You’re having a bit of a career renaissance now, in terms of TV movies and perfume. Do your recent horoscopes reflect this?
Yeah. I think everything has been better the last two years. I think, hopefully, next year will be the best year of my life. It’s been pretty good in 2014 right now. Let’s see what happens in 2015 because we know we have a lot of stuff happening and let’s just keep our fingers crossed and hope to keep going.
Which actresses do you look up to?
So many! Annette Bening is one of my favorite actresses. [Elizabeth Taylor’s A Place in the Sun] is one of my favorite movies of all time. [Taylor] probably had the most successful perfume ever—she’s always been an inspiration for me. You could talk about a bunch of things and never actually do them, but I think I’ve been very proactive with my career this year and just getting things done. I’m going to do as much as I can to keep building my franchise. I’m lucky enough that I have a franchise with the Sharknado movie—and people are obsessed with sharks. I can’t even explain it to you, but people love sharks. Anything to do with sharks is, like, great.
Has it been hard to stay happy in Hollywood?
I think you have two kinds of sharks: the ones who you swim with, and then there are the sharks of Hollywood. I’ve been dealing with those sharks for a long time.
Why do you put up with Hollywood’s sharks?
I love acting because it’s my heart. I love playing characters. When I get on the set, something snaps in me, something different. It’s what I was meant to do. I love working with other actors, I love working with directors, and I love creating something. From the DP [director of photography] to the director and the actors—and even down to the catering—you know, it’s just a family.
When you first started acting, you were a serious actress. Then you became a sex symbol and now you’re 38 and in Sharknado. Is it weird how you went from being a sex symbol to becoming a camp icon?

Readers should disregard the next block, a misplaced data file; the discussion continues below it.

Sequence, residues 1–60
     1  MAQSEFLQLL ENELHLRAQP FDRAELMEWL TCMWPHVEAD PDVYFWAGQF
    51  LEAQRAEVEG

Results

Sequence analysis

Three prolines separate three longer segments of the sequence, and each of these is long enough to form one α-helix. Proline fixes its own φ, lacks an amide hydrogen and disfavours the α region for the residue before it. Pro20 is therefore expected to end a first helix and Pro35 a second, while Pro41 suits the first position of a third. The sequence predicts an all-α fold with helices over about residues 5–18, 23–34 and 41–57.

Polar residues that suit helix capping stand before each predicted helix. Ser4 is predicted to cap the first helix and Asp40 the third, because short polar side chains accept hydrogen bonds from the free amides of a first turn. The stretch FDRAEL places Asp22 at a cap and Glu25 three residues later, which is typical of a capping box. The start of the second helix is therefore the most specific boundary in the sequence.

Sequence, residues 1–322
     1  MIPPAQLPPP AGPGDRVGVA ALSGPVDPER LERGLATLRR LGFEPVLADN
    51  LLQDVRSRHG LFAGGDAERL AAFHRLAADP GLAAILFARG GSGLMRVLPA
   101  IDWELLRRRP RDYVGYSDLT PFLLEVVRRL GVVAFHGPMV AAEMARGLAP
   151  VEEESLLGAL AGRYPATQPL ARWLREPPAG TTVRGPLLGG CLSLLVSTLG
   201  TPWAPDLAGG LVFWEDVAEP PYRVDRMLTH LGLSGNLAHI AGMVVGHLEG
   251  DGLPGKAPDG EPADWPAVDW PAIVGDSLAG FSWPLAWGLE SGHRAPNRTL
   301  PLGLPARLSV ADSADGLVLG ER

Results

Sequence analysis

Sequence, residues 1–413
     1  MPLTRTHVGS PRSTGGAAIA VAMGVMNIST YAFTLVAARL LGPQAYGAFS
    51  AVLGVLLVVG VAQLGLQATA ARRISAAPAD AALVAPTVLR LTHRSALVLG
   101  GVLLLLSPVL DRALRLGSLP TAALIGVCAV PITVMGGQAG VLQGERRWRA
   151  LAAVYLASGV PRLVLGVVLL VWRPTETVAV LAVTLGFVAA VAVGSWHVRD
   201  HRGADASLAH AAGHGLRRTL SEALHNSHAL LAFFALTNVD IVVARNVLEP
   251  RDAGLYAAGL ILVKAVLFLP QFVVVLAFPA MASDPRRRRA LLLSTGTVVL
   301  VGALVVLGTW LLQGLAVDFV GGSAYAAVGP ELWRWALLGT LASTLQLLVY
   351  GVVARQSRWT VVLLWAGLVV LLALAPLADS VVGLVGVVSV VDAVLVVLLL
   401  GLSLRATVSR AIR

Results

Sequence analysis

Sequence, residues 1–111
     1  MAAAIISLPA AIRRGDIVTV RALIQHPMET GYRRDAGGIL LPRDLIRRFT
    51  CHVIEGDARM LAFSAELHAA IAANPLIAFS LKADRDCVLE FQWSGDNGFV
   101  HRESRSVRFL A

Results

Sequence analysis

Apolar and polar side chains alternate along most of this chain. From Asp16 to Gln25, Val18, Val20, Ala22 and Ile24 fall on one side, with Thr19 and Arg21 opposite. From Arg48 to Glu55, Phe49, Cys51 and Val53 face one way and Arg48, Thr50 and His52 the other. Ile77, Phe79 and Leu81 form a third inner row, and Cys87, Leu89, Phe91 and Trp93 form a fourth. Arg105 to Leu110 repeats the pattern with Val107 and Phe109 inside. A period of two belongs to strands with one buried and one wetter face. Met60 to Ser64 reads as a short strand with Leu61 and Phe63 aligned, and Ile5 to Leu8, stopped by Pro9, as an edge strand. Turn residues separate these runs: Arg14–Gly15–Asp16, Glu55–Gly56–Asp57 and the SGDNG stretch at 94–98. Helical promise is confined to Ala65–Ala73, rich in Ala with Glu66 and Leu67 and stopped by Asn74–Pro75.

No. That’s what an actress is. She can do a comedy, she can do a drama, she can do the horror. Even in Josie and the Pussycats, I had to learn how to play the drums. I would have never learned the drums, and now I play the drums.
You sound fond of Josie and the Pussycats. Was that one of your favorite movies?
To be honest with you, yes. I think it was ahead of its time. Before there was social media, it was giving a lot of secret messages, like red is the new black and Adidas is the new Puma—there were so many things. In the music, what [the film was] saying was [that pop music was] brainwashing people. That movie was so much fun to make—the girls playing music, learning the instruments. It was just an incredible experience.
In a weird way, your career is the best it’s been since Josie and the Pussycats. Why do you think this happened?
In life, Mitchell, timing is everything. The timing on all of this started working out, so it’s kind of like being at the right place at the right time. We’re just really enjoying it, and having fun with it, and it just keeps on going. I have another movie coming out in Australia called Charlie’s Farm. It’s a scary movie—not like Freddie Kruger, it’s even scarier. It’s really, really good. And we’re opening at the Sydney Film Festival, and it’s already sold out.
Did you expect this to happen when you agreed to star in Sharknado?
No. It’s funny in life, you do a movie and you think this is going to be the one—this is maybe going to be the chance—and then it doesn’t do anything. When I did Sharknado, I definitely didn’t think that Sharknado was going to become what it did. I had no idea it was going to become this cult phenomenon. You can never even understand what happened with that. It was just, like, unexplainable.
Follow Mitchell on Twitter.